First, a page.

Ready to Learn (RTL) is an initiative funded by the US Department of Education to promote school readiness among children aged two to eight, and most preschool children in the US are exposed to RTL media. Supporting early literacy has been one of RTL’s primary focus areas, and this meta-analysis published in Child Development examines the effect of RTL media exposure on young children’s literacy skills.
For this meta-analysis, Lisa B Hurwitz collected data from 45 evaluations involving more than 24,000 children. Overall, results indicate positive effects on children’s literacy (effect size = +0.21), equivalent to approximately 1.5 months of extra literacy learning. Effects were varied across literacy outcomes, with larger effect sizes for phonological concepts and vocabulary than for alphabet knowledge and narrative comprehension. Findings were fairly robust across a variety of research designs and across samples of children, although effects were consistently more pronounced in within-subjects designs and for preschool-age children.
Source: Getting a read on Ready to Learn media: a meta-analytic review of effects on literacy (February 2018), Child Development doi:10.1111/cdev.13043
An observational longitudinal study published in Child Development tests whether receiving overly positive, inflated praise from a parent eventually fosters low self-esteem and even narcissism, rather than raising it as might be expected.
The study involved 120 children recruited from schools in the Netherlands and their parents. Children were aged 7 to 11. Children completed questionnaires in school at four six-month intervals, and levels of narcissism and self-esteem were measured using the Childhood Narcissism scale and the Global Self-Worth Subscale of the Self-Perception Profile for Children.
Eddie Brummelman and colleagues found that children with lower levels of self-esteem at the beginning of the study received more inflated praise from parents, which in turn led to lower self-esteem at the later test points. Inflated praise also predicted higher narcissism over time, but only in children with high initial levels of self-esteem.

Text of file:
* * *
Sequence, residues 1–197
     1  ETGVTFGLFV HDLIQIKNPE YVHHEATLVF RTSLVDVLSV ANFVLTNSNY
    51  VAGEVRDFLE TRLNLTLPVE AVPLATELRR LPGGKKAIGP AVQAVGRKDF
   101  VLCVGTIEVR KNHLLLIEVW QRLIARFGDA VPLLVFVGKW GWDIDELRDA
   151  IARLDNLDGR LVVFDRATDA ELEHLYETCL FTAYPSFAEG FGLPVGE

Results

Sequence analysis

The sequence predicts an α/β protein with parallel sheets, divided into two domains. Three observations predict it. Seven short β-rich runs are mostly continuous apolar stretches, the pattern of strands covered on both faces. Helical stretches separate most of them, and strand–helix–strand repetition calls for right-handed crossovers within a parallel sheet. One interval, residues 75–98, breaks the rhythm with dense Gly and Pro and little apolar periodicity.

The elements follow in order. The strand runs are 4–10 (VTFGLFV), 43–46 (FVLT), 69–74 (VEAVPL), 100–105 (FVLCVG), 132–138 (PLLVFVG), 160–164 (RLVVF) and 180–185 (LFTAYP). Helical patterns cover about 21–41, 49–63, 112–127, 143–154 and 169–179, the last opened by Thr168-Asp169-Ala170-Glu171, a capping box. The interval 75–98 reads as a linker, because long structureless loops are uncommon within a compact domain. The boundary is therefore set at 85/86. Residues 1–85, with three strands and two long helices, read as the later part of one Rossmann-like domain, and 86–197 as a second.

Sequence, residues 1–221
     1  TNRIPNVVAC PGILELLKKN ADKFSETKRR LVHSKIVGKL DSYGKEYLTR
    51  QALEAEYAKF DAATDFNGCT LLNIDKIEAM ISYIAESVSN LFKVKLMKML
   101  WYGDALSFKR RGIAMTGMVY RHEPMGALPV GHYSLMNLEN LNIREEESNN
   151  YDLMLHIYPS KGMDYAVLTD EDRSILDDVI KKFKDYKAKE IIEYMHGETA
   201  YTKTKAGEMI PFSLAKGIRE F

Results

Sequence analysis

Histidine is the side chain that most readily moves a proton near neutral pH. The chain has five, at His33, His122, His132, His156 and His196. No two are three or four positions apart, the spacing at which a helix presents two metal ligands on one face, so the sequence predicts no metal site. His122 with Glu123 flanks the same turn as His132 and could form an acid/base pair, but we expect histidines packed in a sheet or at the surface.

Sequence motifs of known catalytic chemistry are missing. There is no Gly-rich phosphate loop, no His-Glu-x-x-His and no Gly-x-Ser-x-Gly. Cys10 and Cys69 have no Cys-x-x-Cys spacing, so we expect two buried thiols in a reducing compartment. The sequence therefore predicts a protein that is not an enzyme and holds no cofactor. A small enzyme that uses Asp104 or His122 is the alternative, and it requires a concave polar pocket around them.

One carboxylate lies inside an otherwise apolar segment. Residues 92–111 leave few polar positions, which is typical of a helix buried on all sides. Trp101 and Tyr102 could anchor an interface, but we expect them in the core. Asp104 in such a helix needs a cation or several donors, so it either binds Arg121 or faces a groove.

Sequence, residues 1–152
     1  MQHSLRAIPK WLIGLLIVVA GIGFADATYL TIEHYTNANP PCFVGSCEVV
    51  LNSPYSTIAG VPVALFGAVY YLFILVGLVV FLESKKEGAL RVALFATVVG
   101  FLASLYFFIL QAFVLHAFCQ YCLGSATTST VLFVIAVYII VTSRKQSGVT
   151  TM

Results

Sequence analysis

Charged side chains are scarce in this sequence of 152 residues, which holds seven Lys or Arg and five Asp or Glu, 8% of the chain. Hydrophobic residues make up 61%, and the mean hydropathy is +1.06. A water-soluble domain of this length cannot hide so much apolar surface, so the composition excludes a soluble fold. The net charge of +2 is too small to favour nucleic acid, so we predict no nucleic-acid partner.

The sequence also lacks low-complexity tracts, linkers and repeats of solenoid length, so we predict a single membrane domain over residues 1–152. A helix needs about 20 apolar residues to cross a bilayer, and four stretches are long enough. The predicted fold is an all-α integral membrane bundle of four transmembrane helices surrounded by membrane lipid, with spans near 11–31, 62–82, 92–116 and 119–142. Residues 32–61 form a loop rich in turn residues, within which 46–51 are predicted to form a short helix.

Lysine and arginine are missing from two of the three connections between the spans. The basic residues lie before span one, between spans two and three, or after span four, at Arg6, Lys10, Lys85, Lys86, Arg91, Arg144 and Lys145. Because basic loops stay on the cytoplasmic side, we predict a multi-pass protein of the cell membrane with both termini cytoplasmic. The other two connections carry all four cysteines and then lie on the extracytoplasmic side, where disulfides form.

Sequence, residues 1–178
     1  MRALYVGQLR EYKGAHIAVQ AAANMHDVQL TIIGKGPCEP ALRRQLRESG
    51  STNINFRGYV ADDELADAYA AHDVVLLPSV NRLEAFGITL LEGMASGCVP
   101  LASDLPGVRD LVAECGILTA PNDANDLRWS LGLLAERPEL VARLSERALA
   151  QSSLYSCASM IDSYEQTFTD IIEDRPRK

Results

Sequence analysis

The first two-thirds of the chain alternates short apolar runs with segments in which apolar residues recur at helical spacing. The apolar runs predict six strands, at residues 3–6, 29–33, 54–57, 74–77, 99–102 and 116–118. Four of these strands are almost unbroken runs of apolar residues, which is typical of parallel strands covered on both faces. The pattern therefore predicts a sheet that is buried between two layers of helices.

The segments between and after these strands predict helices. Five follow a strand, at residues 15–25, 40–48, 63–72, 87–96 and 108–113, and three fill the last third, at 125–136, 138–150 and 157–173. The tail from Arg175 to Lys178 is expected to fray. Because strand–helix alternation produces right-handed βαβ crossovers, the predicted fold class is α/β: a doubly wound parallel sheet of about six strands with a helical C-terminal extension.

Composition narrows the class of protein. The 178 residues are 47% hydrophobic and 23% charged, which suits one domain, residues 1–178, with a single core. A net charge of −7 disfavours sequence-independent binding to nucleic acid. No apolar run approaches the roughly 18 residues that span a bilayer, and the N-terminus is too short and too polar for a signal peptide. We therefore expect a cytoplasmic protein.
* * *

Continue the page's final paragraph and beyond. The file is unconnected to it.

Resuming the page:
Source: When parents’ praise inflates, children’s self-esteem deflates (November 2017), Child Development, Volume 88, Issue 6 doi:10.1111/cdev.12936
Research by Rachel Narr and colleagues at the University of Virginia looked at whether the quality of friendships during adolescence can predict aspects of long-term mental and emotional health.
The study looked at a sample of 169 teenagers over 10 years, from age 15 to 25. They were surveyed annually and asked about who their closest friends were along with questions about those friendships. They were also assessed on anxiety, social acceptance, self-worth and symptoms of depression.
The researchers found that teens who prioritised close friendships at age 15 had lower social anxiety, an increased sense of self-worth and fewer symptoms of depression at age 25 than their peers. However, teens who had lots of friends, rather than a few close friendships, had higher levels of anxiety as young adults.
The study also determined that there was a low relation between teens having high-quality friendships and being more sought after by their peers, suggesting that although some teens manage both popularity and close friendship well, and attract both due to similar characteristics, for the most part, these two types of social success are due to different personal attributes.
Source: Close friendship strength and broader peer group desirability as differential predictors of adult mental health (August 2017), Child Development doi:10.1111/cdev.12905
A new study, published in Child Development, found that children in the US pre-school programme Head Start who missed 10% or more of the school year had fewer academic gains than their peers who attended pre-school more regularly.